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    • Spring
      • video

        Finding the Flow from Kansai to Kochi

        Shikoku’s many mountains, valleys and proximity to the ocean has made it a hidden gem for rafting, kayaking and canyoning enthusiasts willing to take a step or two further from the Golden Route of Kyoto and Osaka.

        Solace and Giant Salamanders in Akiota

        Just beyond Hiroshima City is a tranquil outdoor destination home to some of Japan's last remaining oosanshouo, the elusive giant salamander.
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        The Oni Trail: Hiking Coastal Kyoto

        The mystical oni is prevalent in Japanese children’s stories, usually as a way to scare kids straight. Adventure Travel Kyoto is shedding a new light on this folklore and developing a new hiking route in the countryside of Kyoto.
    • Summer
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        The World is Our Playground

        The Pasche family has been cycling and living out of a tent in remote corners of the planet for the past 13 years on four continents spanning 50 countries.
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        Adventure Travel World Summit in Hokkaido

        The ATTA will host their first Adventure Travel World Summit in Asia in Hokkaido, Japan. We caught up with ATTA Director Shannon Stowell to find out more about the adventure travel industry and how it continues to grow and evolve.
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        The Sweet Secrets of Brewing Mead

        Wander into the world of mead brewing and find yourself immersed in a fascinating journey spanning centuries and continents.
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        The Knights in White Lycra

        Each year a group of cyclists head to the deep north towards Tohoku’s vast rice fields and coastal trails to help transform the lives of neglected children.
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        Sea to Table in Yamagata

        An unforgettable way to intimately explore the Shonai Region in Yamagata is a culinary experience bringing bounty of the sea straight to your table.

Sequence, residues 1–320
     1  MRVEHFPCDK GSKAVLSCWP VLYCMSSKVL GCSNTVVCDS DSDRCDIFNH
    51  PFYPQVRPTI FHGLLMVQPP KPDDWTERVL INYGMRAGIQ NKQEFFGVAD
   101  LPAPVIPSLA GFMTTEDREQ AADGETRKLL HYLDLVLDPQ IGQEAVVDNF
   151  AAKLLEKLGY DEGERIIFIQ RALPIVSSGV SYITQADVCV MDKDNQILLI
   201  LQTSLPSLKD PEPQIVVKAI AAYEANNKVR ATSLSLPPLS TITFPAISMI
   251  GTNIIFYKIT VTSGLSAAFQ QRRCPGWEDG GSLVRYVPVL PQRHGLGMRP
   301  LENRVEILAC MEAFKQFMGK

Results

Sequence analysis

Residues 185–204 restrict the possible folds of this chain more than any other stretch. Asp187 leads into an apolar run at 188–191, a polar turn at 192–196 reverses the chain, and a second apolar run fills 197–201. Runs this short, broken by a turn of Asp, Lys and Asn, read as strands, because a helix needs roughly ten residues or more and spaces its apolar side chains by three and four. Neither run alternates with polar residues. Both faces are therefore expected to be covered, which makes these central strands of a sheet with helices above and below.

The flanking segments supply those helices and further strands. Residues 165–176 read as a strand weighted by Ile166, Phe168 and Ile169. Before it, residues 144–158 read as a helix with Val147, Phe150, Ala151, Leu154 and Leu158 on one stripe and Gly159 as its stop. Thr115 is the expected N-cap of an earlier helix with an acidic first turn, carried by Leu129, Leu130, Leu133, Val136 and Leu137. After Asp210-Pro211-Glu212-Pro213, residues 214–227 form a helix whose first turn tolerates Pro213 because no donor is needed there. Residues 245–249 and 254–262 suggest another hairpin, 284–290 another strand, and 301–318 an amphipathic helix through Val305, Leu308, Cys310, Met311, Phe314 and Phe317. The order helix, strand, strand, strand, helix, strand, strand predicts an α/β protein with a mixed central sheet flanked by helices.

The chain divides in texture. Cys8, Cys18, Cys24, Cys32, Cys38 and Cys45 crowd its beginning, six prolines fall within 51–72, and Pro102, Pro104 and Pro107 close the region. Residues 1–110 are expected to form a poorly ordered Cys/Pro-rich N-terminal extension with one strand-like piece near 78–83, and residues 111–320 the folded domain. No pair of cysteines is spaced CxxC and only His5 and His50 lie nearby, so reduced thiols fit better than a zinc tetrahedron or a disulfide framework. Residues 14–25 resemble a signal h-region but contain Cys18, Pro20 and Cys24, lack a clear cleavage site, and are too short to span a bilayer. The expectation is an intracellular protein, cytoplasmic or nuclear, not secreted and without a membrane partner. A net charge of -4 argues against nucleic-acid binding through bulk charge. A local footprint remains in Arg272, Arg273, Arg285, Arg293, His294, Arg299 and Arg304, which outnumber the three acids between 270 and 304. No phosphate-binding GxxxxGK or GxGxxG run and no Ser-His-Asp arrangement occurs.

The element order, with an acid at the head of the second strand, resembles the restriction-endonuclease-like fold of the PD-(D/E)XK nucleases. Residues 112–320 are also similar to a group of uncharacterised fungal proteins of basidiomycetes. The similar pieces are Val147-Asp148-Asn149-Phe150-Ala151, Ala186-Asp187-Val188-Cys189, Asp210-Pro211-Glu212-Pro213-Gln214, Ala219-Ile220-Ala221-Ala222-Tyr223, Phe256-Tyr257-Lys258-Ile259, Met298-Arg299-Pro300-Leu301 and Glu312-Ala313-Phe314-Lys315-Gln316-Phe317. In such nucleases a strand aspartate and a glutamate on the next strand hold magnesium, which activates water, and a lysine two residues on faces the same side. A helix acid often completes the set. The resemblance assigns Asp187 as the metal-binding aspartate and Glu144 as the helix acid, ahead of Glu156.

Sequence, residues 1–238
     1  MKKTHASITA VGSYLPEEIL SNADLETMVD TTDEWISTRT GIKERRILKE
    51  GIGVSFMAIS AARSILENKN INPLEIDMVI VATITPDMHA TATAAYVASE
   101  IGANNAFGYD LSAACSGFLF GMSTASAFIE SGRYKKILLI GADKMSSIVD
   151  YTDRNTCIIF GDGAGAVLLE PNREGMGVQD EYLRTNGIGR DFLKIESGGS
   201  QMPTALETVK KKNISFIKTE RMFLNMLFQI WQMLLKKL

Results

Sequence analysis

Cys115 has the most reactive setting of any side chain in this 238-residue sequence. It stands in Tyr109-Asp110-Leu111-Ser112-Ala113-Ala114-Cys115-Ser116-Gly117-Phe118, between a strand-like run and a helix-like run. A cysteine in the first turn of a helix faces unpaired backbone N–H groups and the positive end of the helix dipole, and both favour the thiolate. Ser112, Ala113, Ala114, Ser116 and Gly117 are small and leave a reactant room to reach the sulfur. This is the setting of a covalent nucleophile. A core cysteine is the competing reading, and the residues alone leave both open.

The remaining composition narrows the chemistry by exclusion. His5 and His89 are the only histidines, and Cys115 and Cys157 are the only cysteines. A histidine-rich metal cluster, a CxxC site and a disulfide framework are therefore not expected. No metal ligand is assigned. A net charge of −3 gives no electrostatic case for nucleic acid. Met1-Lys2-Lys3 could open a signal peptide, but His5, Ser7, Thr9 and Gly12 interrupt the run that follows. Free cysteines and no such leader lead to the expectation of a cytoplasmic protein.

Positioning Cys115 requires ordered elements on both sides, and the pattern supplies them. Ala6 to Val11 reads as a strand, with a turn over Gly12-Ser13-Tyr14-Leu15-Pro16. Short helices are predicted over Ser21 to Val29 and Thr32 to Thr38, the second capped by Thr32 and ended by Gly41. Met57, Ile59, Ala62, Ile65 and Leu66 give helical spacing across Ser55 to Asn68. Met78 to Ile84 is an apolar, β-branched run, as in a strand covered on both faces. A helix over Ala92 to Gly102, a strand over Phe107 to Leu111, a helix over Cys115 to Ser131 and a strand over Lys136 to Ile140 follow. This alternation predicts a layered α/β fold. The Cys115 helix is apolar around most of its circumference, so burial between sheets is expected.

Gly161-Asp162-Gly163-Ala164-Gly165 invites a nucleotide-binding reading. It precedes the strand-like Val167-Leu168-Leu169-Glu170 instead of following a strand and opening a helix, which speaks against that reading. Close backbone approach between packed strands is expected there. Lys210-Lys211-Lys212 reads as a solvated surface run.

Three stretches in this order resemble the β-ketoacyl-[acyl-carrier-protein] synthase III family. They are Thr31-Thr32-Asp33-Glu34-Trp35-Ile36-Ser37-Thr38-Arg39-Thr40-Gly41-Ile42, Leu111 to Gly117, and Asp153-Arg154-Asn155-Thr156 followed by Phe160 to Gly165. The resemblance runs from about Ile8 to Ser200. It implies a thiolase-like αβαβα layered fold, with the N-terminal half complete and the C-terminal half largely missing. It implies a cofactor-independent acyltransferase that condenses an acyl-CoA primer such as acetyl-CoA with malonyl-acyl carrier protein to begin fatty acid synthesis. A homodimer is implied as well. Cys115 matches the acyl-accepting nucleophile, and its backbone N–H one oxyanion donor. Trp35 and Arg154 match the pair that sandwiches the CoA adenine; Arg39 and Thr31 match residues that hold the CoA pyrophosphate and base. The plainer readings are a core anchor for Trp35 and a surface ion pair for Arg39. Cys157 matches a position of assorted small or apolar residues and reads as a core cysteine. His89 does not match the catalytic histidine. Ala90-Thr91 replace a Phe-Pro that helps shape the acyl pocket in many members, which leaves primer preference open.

• Autumn
    • Winter
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        CAMP3 Clubhouse in Madarao

        Keith Stubbs, a veteran in the snowboard industry, transitioned from rider to coach and instructor trainer for Snowboard Instruction New Zealand. After coaching in various Japanese resorts, he has established a permanent base in Madarao, outlining his plans for the area and future snowboard endeavors.
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        New Horizons in Shiretoko

        During another epic powder season, two seasoned winter sports enthusiasts traded their snowboard bags for camera bags and traveled to Eastern Hokkaido to explore the frozen landscape and broaden their winter horizons.
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        Silent Resilience

        Curling athlete Sayuri Matsuhashi’s journey to the top of her sport is an inspiration to deaf athletes and women juggling their roles as mothers while also pursuing their professional dreams.
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        Heritage Hunting in Hokkaido

        Travelers venturing beyond Hokkaido's popular winter resorts will discover a land with a rich cultural and natural history, a proud indigenous people and a community striving to preserve their heritage.
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        Shizukuishi

        Northern Honshu’s Iwate Prefecture, known for heavy snowfall, features Shizukuishi—a powder-rich resort area with views of Mt. Iwate. Snow enthusiasts seeking lesser-known gems can enjoy exceptional snow quality and uncrowded resorts, including Shizukuishi Ski Resort, Amihari Onsen Ski Resort, and Iwate Kogen Snow Park, offering affordability and traditional hospitality.
    • Near Tokyo
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        Getting Dirty in Japan

        “Getting Dirty in Japan” is about getting out of your comfort zone and into some exciting outdoor adventures and destinations in Japan.
    • Near Kyoto
    • All Regions
    • Article Map
    • Ocean and Beach
      • getting dirty in japan

        Getting Dirty in Japan

        “Getting Dirty in Japan” is about getting out of your comfort zone and into some exciting outdoor adventures and destinations in Japan.
    • River and Lake
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        Heritage Hunting in Hokka...

        Travelers venturing beyond Hokkaido's popular winter resorts will discover a land with a rich cultural and natural history, a proud indigenous people and a community striving to preserve their heritage.
        getting dirty in japan

        Getting Dirty in Japan

        “Getting Dirty in Japan” is about getting out of your comfort zone and into some exciting outdoor adventures and destinations in Japan.
    • Mountain and Land
    • Sky
      • getting dirty in japan

        Getting Dirty in Japan

        “Getting Dirty in Japan” is about getting out of your comfort zone and into some exciting outdoor adventures and destinations in Japan.
    • Snow and Ice